Prod.liab.rep.(cch)p 11,210john Peterson, Appellant, v. Fuller Company; Maxon Marine and Cna Insurance Company, Appellees.freeman Fox, Appellant, v. Fuller Company; Maxon Marine and Cna Insurance Company, Appellees.charles Royer, Appellant, v. Fuller Company; Maxon Marine and Cna Insurance Company, Appellees.steven Beins, Appellant, v. Fuller Company; Maxon Marine and Cna Insurance Company, Appellees, 807 F.2d 151 (8th Cir. 1986)

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US Court of Appeals for the Eighth Circuit - 807 F.2d 151 (8th Cir. 1986) Submitted Dec. 10, 1986. Decided Dec. 17, 1986

Richard J. Bruckner, Omaha, Neb., for appellant.

Stephen M. Bruckner, Omaha, Neb., for appellee Fuller Co.

Melvin C. Hansen, Omaha, Neb., for appellee Maxon Marine.

Before ROSS and FAGG, Circuit Judges, and HANSON,*  Senior District Judge.

FAGG, Circuit Judge.

Plaintiffs appeal the district court's judgment dismissing their product liability lawsuits on the ground the actions are barred by the applicable Nebraska statute of repose. See Neb.Rev.Stat. Sec. 25-224(2) (Cum.Supp.1984). We affirm.

In 1984 plaintiffs suffered hearing losses which they claim were the result of operating rotary air compressors in a confined area below the deck of a barge owned by their employer. The compressors were supplied and installed and the barge first sold for use in 1967. Plaintiffs in 1985 sued the manufacturer of the compressors, Fuller Company (Fuller), and the builder of the barge, Maxon Marine (Maxon), employing various product liability theories including defective manufacture, installation, design, and warning. CNA Insurance Company was joined as a defendant under Nebraska workmen's compensation law.

The Nebraska product liability statute of limitations and repose provides, in part:

(1) All product liability actions, except one governed by subsection (5) of this section, shall be commenced within four years next after the date on which the death, injury, or damage complained of occurs.

(2) Notwithstanding subsection (1) of this section or any other statutory provision to the contrary, any product liability action, except one governed by section 2-725, Uniform Commercial Code, or by subsection (5) of this section, shall be commenced within ten years after the date when the product which allegedly caused the personal injury, death, or damage was first sold or leased for use or consumption.

Neb.Rev.Stat. Sec. 25-224(1)-(2) (Cum.Supp.1984).

The district court determined that plaintiffs' actions were "product liability" actions within the terms of the statute, see Neb.Rev.Stat. Sec. 25-21,180 (1979), and that because the claimed hearing losses occurred some seventeen years after the compressors were first sold for use, the actions were clearly barred by the period of repose in section 25-224(2). We agree.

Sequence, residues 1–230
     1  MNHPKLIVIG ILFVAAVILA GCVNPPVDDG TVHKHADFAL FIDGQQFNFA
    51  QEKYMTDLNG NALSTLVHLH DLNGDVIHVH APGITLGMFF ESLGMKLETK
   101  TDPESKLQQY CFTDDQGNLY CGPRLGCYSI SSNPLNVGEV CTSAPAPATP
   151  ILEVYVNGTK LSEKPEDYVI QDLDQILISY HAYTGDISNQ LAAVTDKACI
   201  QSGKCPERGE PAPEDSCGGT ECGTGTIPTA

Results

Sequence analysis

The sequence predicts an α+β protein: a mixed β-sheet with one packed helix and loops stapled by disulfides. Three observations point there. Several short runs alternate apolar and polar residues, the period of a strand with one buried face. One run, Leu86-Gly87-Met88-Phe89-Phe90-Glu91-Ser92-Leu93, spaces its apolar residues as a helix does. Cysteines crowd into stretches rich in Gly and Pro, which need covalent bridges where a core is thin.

Plaintiffs' injuries in this case did not occur until well after the ten-year period of repose had passed. By operation of law, when the "injury [occurs] outside of the ten-year period, no substantive cause of action * * * ever exist [s]," Miers v. Central Mine Equip. Co., 604 F. Supp. 502, 505 (D. Neb. 1985), and plaintiffs' actions are barred by section 25-224(2).

Plaintiffs argue, however, that the statute of repose may be equitably tolled when a defendant has fraudulently concealed information about the dangers of the product. See, e.g., Givens v. A.H. Robins Co., Inc., 751 F.2d 261, 264 (8th Cir. 1984); MacMillen v. A.H. Robins Co., Inc., 217 Neb. 338, 348 N.W.2d 869, 871-72 (1984). Plaintiffs seek an evidentiary hearing or discovery to further develop facts in support of this estoppel argument.

Regardless of whether this theory was properly presented to the district court, reliance on it here is misplaced. Because the injuries for which plaintiffs seek recovery occurred after expiration of the ten-year period, plaintiffs could not have been fraudulently induced to postpone timely filing of their lawsuits. Thus, the theory of equitable tolling is unavailable under the circumstances of this case. See Groth v. Sandoz, Inc., 601 F. Supp. 453, 456 (D. Neb. 1984); see also Colton v. Dewey, 212 Neb. 126, 321 N.W.2d 913, 916 (1982) (quoting Rosenberg v. Town of North Bergen, 61 N.J. 190, 293 A.2d 662, 667 (1972)) (medical malpractice statute of repose); compare Miers, 604 F. Supp. at 507 (equitable tolling available when injury occurs within ten-year period).

In a diversity case we give substantial deference to the local district court's interpretation of state law unless it is "fundamentally deficient in analysis or otherwise lacking in reasoned authority." Nelson v. Platte Valley State Bank & Trust, 805 F.2d 332, 334 (8th Cir. 1986) (quoting Dabney v. Montgomery Ward & Co., Inc., 761 F.2d 494, 499 (8th Cir.), cert. denied, --- U.S. ----, 106 S. Ct. 233, 88 L. Ed. 2d 232 (1985)). The district court in this case has made a sound interpretation of the relevant Nebraska statute and its judgment dismissing the actions is affirmed.


The HONORABLE WILLIAM C. HANSON, Senior United States District Judge for the Northern and Southern Districts of Iowa, sitting by designation